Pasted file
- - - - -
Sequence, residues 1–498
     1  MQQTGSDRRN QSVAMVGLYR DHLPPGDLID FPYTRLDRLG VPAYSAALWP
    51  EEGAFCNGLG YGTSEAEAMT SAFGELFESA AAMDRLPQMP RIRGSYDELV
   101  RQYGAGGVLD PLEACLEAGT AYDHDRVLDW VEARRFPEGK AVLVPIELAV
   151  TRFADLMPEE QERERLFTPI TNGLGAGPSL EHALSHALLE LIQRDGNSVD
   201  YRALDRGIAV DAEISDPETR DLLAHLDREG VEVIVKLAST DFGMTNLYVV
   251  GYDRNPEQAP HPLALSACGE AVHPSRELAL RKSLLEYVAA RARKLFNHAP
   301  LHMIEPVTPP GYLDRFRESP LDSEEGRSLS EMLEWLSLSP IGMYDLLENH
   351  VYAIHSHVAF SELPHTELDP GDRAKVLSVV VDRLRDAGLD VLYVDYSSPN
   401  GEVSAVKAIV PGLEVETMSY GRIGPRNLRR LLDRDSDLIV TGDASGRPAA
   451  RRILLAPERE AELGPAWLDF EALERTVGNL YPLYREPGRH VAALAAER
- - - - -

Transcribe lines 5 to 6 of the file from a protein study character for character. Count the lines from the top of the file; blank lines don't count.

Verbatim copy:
   151  TRFADLMPEE QERERLFTPI TNGLGAGPSL EHALSHALLE LIQRDGNSVD
   201  YRALDRGIAV DAEISDPETR DLLAHLDREG VEVIVKLAST DFGMTNLYVV